A study of the Julio-Claudian emperors, examining literary texts and coinage, with a particular emphasis on the development of Roman imperial and dynastic power.
This paper examines the scandals and intrigues associated with development of imperial power in Rome in the 1st century CE. It analyses the reigns of Augustus, Tiberius, Caligula, Claudius, and Nero with a specific focus on how these emperors secured their position of power, considering their family dynamics, arranged murders and intrigues in order to hold on to power, and their attitudes and actions towards the army, the senate, and the people.
|Paper title||From Augustus to Nero: Scandal and Intrigue in Imperial Rome|
|Teaching period||First Semester|
|Domestic Tuition Fees (NZD)||$904.05|
|International Tuition Fees (NZD)||$3,954.75|
- 18 200-level CLAS, GREK or LATN points
- CLAS 444
- Schedule C
- Arts and Music
- Teaching staff
- Dr Gwynaeth McIntyre
- Paper Structure
This paper consists of two 50-minute classes per week which will vary from lecture style to a more discussion-based format. Topics are arranged by emperor and cover: the creation and development of dynastic succession; expanding the empire; mutinies and conspiracies; and ideology and propaganda. This paper also includes group work, with students (in groups of 4 or 5) meeting fortnightly, either in person or through online platforms, to learn and develop their skills in analysing coins (based on the collection held at the Otago Museum).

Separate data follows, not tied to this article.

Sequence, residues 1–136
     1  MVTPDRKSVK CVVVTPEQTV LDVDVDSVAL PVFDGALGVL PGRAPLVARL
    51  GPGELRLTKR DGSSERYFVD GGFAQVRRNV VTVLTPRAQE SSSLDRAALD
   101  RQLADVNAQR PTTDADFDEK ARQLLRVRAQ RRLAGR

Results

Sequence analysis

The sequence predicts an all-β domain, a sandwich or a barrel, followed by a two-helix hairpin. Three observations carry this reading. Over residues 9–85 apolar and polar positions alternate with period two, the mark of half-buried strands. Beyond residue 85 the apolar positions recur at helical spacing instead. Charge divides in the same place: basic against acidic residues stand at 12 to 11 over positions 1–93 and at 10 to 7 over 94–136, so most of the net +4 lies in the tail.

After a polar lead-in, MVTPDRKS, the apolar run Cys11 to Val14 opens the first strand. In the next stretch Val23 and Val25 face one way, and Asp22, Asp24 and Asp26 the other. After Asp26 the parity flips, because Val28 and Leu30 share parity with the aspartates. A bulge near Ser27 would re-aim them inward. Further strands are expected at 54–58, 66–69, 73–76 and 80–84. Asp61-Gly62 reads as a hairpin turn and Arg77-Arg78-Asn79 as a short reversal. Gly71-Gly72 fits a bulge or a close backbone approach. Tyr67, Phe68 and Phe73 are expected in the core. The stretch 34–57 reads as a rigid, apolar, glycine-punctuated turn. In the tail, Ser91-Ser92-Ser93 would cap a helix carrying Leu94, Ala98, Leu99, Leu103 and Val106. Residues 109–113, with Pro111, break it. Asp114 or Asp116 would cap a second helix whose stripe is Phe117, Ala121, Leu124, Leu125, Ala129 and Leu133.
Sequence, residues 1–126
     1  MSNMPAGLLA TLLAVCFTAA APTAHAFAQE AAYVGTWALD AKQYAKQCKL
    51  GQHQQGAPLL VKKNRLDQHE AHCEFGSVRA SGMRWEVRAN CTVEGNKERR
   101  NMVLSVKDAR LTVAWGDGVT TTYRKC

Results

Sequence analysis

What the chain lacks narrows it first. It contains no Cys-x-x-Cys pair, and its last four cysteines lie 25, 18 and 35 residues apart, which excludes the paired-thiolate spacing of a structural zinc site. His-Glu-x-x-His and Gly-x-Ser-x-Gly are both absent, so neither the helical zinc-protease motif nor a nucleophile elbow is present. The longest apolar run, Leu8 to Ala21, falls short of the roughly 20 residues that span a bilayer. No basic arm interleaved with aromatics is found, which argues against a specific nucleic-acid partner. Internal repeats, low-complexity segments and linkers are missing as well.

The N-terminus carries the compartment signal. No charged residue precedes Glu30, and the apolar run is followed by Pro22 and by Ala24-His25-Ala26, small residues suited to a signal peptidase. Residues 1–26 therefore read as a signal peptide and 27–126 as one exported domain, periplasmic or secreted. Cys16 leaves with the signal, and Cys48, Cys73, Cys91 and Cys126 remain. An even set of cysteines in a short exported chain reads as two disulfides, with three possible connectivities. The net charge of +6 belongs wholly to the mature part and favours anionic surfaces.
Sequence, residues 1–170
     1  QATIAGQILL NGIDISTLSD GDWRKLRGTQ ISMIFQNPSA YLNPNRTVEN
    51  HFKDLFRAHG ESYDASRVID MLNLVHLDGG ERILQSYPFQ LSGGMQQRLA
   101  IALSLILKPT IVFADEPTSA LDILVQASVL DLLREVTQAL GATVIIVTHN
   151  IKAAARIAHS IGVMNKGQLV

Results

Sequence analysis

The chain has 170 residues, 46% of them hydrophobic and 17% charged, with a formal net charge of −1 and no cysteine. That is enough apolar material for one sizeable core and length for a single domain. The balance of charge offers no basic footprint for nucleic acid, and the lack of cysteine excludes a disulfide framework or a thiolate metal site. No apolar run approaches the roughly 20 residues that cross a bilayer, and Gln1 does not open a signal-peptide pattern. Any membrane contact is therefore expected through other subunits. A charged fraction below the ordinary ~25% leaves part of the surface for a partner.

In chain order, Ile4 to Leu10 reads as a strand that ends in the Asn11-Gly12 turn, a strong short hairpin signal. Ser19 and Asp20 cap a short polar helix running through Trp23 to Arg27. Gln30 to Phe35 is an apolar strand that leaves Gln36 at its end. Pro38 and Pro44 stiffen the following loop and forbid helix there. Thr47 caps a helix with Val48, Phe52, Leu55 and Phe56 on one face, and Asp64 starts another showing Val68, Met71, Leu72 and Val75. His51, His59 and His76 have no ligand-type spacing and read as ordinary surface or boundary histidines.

Internal Assessment 60%
- Edwards, C. (trans). 2008. Suetonius. The Lives of the Twelve Caesars. Oxford: Oxford
Woodman, A.J. (trans). 2004. Tacitus. The Annals. Cambridge: Hackett Publishing Company, Inc.
- Graduate Attributes Emphasised
- Communication, Critical thinking, Self-motivation, Teamwork.
View more information about Otago's graduate attributes.
- Learning Outcomes
By the end of this paper, students will have gained:
- an understanding of the historical context of the period from the death of Caesar to the death of Nero (44 BCE - 68 CE).
- an understanding of the key developments of the construction of a dynastic house and the various ways imperial power could be legitimised and expressed.
- a familiarity with literary and numismatic sources for the period as well as the ability to critically evaluate these sources.
- the skills of effective written communication, including the construction of clear and logical scholarly argumentation.